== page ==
An ABLE account won’t replace a Special Needs Trust or Pooled Trust. There are some key differences that are meant to give people with disabilities and their families more options.
With an ABLE account:
There are less expenses than setting up a trust.
The beneficiary owns the funds and can access them for eligible expenses.
Earnings are tax-free advantaged.
There’s a yearly limit of $15,000 and a lifetime maximum of $400,000.
Funds can be used for housing without affecting benefits.
With a Special Needs Trust or Pooled Trust:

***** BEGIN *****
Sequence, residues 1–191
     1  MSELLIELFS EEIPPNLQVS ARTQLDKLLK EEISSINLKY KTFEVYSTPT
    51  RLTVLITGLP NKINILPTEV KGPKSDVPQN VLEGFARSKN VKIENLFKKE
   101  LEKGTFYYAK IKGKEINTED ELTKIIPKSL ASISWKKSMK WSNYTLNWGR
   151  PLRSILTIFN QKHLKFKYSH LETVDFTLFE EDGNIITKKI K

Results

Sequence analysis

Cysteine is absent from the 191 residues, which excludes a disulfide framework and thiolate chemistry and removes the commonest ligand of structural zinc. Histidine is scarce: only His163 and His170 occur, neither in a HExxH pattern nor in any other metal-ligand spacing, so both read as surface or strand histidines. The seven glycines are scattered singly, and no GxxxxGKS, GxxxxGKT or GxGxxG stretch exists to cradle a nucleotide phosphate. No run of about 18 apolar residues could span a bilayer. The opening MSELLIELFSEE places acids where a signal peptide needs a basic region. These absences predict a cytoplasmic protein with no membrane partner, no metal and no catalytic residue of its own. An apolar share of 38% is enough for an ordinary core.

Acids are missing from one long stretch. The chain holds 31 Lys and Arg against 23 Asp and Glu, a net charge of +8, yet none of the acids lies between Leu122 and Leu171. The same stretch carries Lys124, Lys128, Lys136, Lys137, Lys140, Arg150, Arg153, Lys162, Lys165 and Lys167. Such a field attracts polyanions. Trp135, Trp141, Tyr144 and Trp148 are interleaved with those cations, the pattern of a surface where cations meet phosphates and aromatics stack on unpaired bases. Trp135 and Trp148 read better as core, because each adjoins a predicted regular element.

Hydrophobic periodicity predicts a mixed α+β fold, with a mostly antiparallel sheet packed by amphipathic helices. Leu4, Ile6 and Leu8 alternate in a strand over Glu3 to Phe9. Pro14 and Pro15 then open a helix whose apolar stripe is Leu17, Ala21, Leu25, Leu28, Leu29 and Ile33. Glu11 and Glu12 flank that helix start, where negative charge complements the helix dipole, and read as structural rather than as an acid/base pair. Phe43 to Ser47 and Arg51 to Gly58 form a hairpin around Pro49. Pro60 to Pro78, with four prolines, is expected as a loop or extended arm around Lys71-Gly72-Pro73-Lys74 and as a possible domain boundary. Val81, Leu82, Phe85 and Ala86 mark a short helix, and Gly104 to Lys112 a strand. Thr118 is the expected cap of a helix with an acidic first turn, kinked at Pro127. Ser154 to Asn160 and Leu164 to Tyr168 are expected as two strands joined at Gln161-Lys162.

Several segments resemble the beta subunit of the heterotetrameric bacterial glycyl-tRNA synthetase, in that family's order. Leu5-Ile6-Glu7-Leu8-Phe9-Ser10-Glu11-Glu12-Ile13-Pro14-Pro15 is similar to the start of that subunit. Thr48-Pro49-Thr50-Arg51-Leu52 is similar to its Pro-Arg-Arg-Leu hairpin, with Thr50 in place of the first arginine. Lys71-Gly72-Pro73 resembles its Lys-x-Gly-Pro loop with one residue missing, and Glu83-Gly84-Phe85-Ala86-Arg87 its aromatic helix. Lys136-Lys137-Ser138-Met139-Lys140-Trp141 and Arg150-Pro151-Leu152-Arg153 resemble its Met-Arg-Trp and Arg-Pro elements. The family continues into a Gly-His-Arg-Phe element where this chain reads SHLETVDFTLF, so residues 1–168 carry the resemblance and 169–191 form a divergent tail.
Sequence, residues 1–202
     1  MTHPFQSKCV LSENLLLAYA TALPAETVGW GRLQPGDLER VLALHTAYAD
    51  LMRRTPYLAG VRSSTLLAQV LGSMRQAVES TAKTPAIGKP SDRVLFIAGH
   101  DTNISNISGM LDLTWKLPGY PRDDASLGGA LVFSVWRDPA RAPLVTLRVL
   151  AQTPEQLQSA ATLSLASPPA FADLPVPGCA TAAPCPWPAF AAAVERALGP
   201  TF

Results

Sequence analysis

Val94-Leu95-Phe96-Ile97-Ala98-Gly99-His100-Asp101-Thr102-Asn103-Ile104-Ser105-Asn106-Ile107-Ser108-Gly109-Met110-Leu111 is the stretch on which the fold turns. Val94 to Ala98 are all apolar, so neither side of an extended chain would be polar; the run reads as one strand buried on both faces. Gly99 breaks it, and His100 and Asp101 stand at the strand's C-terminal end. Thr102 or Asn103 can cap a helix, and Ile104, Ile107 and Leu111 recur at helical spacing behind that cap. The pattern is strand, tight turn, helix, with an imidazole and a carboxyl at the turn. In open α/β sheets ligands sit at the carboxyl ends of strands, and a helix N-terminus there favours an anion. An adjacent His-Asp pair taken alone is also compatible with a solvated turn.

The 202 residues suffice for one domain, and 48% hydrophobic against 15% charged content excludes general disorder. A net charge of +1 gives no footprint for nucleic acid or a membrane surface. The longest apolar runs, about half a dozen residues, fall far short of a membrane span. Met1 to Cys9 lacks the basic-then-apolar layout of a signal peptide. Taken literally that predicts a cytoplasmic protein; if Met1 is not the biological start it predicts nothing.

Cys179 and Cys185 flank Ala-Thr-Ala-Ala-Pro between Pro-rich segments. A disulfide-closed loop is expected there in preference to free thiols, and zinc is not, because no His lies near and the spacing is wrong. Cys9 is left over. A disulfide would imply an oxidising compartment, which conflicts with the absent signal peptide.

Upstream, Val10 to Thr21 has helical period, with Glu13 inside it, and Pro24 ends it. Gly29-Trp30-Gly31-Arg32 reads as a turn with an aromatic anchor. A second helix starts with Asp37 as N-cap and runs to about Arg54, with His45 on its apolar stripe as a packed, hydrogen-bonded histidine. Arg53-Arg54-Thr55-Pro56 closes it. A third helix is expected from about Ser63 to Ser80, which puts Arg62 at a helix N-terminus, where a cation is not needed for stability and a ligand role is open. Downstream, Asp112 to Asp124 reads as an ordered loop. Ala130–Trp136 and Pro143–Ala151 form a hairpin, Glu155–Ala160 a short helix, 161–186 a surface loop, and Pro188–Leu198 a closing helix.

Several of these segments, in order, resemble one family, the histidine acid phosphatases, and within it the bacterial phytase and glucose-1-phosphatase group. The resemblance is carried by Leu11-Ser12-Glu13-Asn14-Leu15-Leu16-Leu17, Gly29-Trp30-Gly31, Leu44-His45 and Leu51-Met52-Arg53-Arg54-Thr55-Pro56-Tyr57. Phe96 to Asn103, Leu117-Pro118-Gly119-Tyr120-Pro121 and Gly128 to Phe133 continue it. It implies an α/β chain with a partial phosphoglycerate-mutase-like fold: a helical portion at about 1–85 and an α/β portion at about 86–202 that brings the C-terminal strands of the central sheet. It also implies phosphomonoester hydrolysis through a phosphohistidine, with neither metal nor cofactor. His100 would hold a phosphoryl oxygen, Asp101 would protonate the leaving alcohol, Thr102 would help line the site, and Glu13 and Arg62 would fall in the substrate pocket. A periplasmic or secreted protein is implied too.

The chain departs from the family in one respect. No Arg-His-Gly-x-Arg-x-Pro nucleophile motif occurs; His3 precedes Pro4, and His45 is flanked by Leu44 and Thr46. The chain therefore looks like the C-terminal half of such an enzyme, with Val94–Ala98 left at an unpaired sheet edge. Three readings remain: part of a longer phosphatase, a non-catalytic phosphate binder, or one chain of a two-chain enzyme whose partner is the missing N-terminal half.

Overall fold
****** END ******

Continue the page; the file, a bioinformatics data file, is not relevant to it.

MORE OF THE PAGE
You have to set up a trust.
The beneficiary has to get approval of the trustee to receive a disbursement.
The earnings are taxed at trust rates.
There are no limits on contributions or balances.
Amounts in a Third-Party Special Needs Trust are generally not subject to a Medicaid recovery upon the death of the individual with disabilities.
Funds can be used for housing, but benefits will be affected.